If you thought the art of making music, as it is today was easy and cheap a decade ago, Eno has something to tell you.
When it comes to conversations about music in Ghana, the paucity of female rappers/singers is a prominent feature. The number of female artists seriously pale in comparison to their male counterparts. This situation is more prominent on the hip life/hip hop scene than on the ‘singing’ scene. Unlike, their singing counterparts, who are able to break through quicker, the female rappers, despite possessing incredible talent, find themselves struggling to keep their heads above water. The reasons for this development are numerous to enumerate.
Despite this obvious challenge, one female rapper who is gradually breaking through this male dominated artform is ENO. Over the years, Eno has positioned herself, thanks to her astounding talent, as arguably, the biggest female rapper in Ghana. She has style, bars (lyrics), punchlines that will leave some of these ‘big’ name rappers spellbound. (Un) fortunately, the depth of her talent has not matched up her fame yet. In short, Eno is still an ‘underground’ rapper. Why she has not blown up is still a question I’m trying to unravel.
From featuring on DJ Black’s Cypher, a couple of radio freestyle sessions, doing cover songs to dropping her own singles featuring some big name artists, Eno has impressed a lot of people who may have chanced on her songs. Her energy and her ability to be witty, serious and fearless, in same measure or flow, is endearing. Another quality in her talent trove is her ability to switch her flow on any beat thrown at her during freestyle sessions on radio.
A few days ago, as I was flipping through radio bands to ward off boredom in the constantly heavy Achimota-Dome traffic, I chanced on a new song by Eno. Featuring Arab Money Group’s (AMG) fast rising rapper, Medikal, the song King of Queens, is a self-exulting exercise by Eno. She outlined her talents; sent warning to her competitors-including some ‘established’ rappers; and why she is the Queen of Kings on this Cabum produced trap beats.
It was some bars that she shared on the second verse which struck me. A lot has changed in over a decade in terms of making music. Now, the art is less stressful. Artists can put out work in the shortest possible time to a larger community of audience. If you thought the art of making music, as it is today –where due to technology artists/producers can make records in their bedrooms with ease- then you got misinformed.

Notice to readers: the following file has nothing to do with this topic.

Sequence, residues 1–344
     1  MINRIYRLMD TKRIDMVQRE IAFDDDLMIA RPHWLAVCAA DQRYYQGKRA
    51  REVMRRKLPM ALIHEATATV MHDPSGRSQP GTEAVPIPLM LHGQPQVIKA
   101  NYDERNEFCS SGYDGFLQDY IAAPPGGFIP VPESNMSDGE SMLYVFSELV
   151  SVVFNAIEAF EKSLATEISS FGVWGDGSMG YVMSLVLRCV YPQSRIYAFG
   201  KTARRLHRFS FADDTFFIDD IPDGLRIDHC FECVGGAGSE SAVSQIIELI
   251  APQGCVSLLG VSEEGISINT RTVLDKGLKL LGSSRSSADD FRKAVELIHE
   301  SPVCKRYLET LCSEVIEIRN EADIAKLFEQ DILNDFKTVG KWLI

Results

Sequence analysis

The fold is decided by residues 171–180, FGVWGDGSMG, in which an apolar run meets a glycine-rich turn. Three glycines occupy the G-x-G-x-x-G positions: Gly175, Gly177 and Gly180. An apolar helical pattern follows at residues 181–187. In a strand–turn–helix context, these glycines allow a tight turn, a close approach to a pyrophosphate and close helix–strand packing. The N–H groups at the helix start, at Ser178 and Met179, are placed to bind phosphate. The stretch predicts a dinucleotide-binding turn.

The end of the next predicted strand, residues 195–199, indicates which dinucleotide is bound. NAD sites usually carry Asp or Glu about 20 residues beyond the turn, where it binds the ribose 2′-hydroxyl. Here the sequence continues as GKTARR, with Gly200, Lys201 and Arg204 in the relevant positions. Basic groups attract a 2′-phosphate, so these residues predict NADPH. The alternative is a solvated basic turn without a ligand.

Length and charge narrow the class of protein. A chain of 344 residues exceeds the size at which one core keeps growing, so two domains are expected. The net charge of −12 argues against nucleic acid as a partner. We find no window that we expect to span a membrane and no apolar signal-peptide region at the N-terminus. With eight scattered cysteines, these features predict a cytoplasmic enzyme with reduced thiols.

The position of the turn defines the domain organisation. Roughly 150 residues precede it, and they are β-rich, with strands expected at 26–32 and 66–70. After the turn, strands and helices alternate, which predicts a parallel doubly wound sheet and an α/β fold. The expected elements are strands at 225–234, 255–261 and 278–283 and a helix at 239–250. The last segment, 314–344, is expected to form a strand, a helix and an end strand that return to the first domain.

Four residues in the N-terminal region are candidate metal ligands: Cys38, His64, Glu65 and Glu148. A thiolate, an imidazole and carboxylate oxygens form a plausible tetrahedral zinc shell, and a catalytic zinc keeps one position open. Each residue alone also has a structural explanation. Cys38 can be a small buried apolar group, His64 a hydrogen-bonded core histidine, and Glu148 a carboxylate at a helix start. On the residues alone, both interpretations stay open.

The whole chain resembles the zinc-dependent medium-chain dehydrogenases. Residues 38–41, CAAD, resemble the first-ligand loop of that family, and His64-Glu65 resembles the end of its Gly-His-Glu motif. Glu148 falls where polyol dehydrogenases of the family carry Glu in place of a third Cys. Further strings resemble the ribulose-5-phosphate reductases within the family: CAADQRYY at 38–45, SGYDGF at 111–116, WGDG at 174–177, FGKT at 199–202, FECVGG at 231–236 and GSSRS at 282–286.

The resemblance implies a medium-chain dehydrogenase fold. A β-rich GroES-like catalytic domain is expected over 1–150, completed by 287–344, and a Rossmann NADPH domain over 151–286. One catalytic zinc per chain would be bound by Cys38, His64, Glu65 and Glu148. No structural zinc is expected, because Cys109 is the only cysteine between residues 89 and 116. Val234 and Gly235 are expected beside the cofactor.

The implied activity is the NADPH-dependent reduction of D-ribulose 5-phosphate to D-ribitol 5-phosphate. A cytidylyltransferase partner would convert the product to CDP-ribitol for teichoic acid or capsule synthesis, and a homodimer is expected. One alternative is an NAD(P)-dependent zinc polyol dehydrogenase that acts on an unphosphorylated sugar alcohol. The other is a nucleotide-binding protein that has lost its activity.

Eno in just 32 seconds, described the hassle an aspiring rapper had to endure to record, get the music mixed and even get a shot on radio. Before describing the grueling journey, she intoned that, the best rapper accolade has become so common a claim due to the ‘abundance of microphones’ (she compared mics to cups which every rapper today ‘can drink’ from).
Eno touched on how aspiring artists visit studios to read the pasted ‘Rules and Regulations’ on studio doors was common back then. I recall an interview where Hammer (Last 2) described his studio as a boot camp with its own set of rules and regulations for artists. Ones entry into the studio required you removing your footwear (the studio was a sacred ground) and you have to beg for a beat to rap on.
Unlike today, artists are not only spoilt with choice-producer wise (producers and artists can work without being in the studio together), they can record from their rooms. A decade or so ago, an artist had to go chasing the producer. And landing a beat from top producers such as Hammer (Last 2), Appietus, Morris Babyface, Kaywa, Jay Q and Quick Action was both a validation of one’s talent and pressure to vindicate that trust.
To find out whether the producer was done working on your track or visit the studio, you place a Space-To-Space call (mobile phones were only reserved for the cream of society). And when you are fortunate to get your final work, you have to trek to Tema Community 2 and meet Dr. Duncan, a presenter on Adom FM, whose programme Kasahari (rap) served as a platform for some of today’s big name rappers to exhibit their talents through rap battles. (Dr. Duncan deserves more praise than he does receive for this singular act of generosity). Meeting with Dr. Duncan didn’t even guarantee one an early feature on Kasahari. One had to join the long queue of rappers and bid their time.
Eno, casting a look back at the hassle young artists had to endure before getting the opportunity to live their dream brings out two things. First, the hunger and determination made them prepare adequately-both lyrically and mentally- to seize the opportunity once it lands. The likes of Obrafour, Okyeame Kwame, Obour, Kwadei, Buk Bak, VIP among others are proof of this. Secondly, the artist(s) get to learn the essentials of music –production, songwriting, concepts- from producers whose inputs are of profound essence.
Eno has lived long enough to see the old ways and the new ways of making music. And can dissect and analyse the changes that have occurred over the years. With today’s process being easy and relatively cheap, we are inclined to forget how hard it was for some of today’s big names to get here- opportunities were slim and artists had to go through hills and valleys to record a single or feature. I wonder if the next generation would be awed by our process as some young ones would hearing Eno enumerate the struggles on ‘King of Queens’